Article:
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AG continues review of plebiscite case

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As an April 9 deadline quickly approaches, the Attorney General of Guam is still conducting her review on whether to file an appeal in the Dave Davis plebiscite case.  "The decision of the District Court judge was 26 pages, a very well written legal decision," noted AG Elizabeth Barrett-Anderson. "So I have to certainly have to applaud the judge for a sound decision, which makes it even harder for us to review what are the issues that we can possibly appeal on."

That appeal is the decision made by Chief Judge Frances Tydingco-Gatewood in the Dave Davis Plebiscite Case. Earlier this month she ruled that a native-inhabitants only plebiscite would be unconstitutional. Deciding on whether to appeal is still under review by Barrett-Anderson, who says it will be an uphill battle. "So not only are we looking at how to step back into the 9th Circuit with an argument that is legally sound, but beyond the 9th Circuit to develop a case that we might be able then to take on with the Supreme Court with the United States. That's not an easy task, so we haven't thoroughly done all our analyses, but we're continuing to do so," she told KUAM News.

Along with her legal team, she also met with the Governor and Senators this week on the possible appeal. Since the decision, community members have led protests and gave passionate testimony on resolutions in support of an appeal. The AG says an appeal will not be made based on testimony or evidence but rather an appeal on legal argument specifically on the 14th and 15th Amendments.

She continued, "I'm sensitive and conscious of the emotional issues, I'm not insensitive to that, but I have to be able to do my job as attorney general and those issues of legal parameters and not necessarily emotional parameters." She adds any fight through our federal court system is extremely challenging when constitutional rights are in question, especially when the fight involves the right to vote.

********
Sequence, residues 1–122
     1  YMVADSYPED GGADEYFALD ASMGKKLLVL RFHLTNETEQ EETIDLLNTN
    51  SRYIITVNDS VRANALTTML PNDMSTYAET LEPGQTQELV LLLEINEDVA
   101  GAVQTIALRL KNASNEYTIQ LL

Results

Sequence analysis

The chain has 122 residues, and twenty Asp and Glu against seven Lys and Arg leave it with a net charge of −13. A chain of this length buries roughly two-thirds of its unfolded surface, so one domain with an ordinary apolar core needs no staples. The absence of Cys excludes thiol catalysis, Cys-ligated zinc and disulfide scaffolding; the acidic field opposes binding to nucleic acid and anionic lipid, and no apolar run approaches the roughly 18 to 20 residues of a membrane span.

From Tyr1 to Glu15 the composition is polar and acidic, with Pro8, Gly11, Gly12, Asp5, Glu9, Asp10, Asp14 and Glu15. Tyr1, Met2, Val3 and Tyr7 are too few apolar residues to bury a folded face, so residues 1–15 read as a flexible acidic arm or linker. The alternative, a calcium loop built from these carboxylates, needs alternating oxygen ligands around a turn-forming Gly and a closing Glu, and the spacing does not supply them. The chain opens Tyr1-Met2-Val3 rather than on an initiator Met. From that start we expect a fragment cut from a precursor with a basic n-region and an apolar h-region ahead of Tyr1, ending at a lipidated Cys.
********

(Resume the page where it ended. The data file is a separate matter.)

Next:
"When you have that brick wall in front of you, I think it's wise to look at other options. Because if I'm going into your home and I'm going to fight in your home with the way you set up your house, because I just don't like it, that's going to be a tough battle, right?" she said.

As for the Department of Justice's January Letter to the Governor concerning the Chamorro Land Trust, Barrett Anderson make it clear- she will not be signing a consent decree.

"Ultimately we'll be in court again and I don't know exactly whether we'll be successful or unsuccessful over the justice department taking us to court over the Chamorro Land Trust. That does worry me and we'll have to fight that battle and on that day when it happens," she said.

Meanwhile, as both cases have sparked a new political status debate, the legal battle and possible appeal is one expected to be lengthy. Barrett-Anderson says she has the stamina to take that on. "Am I faint of heart of taking something up to the Supreme Court of the United States? I don't think so. We've done it before - I've done it before.

"And if this is case that has that opportunity to go to the Supreme Court of the United States, I think that would be a wonderful challenge for Guam."

The AG notes that a possible appeal also brings up the matter of costs which she informed both the Governor and Senators is a risk.

“Appealing the case and winning is no problem. I don’t think that’s going to cost the territory a lot of money. But appealing the case and losing is going to cost a lot of money in attorney fees and that would be Mr. Davis’s attorney’s fees.”

She did not have an estimate on the costs.

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